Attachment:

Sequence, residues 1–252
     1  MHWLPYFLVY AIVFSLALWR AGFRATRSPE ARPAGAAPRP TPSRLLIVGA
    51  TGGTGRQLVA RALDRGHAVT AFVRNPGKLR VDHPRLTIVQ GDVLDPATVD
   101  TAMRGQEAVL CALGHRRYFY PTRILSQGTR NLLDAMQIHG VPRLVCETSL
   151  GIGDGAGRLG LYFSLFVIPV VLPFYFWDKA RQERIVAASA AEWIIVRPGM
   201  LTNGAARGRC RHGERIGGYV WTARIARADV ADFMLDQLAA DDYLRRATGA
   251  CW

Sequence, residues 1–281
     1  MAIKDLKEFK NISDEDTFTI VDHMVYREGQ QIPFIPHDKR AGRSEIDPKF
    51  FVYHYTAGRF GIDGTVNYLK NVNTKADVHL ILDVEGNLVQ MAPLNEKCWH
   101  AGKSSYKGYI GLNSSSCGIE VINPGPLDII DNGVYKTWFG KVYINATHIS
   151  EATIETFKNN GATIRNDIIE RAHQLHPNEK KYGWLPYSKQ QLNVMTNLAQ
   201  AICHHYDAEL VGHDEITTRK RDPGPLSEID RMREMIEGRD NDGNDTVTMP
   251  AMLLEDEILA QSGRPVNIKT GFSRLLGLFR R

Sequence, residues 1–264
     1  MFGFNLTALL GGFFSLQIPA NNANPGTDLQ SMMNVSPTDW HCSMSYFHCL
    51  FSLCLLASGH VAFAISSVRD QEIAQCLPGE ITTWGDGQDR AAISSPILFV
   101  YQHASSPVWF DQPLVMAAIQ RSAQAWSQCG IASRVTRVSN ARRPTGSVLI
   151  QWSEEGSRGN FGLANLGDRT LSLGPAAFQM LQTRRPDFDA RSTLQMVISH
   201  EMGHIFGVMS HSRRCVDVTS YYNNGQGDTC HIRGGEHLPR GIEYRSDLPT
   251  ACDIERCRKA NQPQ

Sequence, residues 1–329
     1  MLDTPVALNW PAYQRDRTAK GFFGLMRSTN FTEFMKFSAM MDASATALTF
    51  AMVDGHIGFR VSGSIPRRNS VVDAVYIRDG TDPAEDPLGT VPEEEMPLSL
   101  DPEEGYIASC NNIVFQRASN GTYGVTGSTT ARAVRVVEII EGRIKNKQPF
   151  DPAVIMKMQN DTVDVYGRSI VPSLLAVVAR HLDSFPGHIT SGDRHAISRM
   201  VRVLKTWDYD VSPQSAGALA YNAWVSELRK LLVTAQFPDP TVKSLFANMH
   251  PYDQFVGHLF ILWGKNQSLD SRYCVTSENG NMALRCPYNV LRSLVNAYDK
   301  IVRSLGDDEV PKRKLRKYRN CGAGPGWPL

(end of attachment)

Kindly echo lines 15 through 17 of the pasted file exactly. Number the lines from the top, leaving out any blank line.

Sequence, residues 1–264
     1  MFGFNLTALL GGFFSLQIPA NNANPGTDLQ SMMNVSPTDW HCSMSYFHCL
    51  FSLCLLASGH VAFAISSVRD QEIAQCLPGE ITTWGDGQDR AAISSPILFV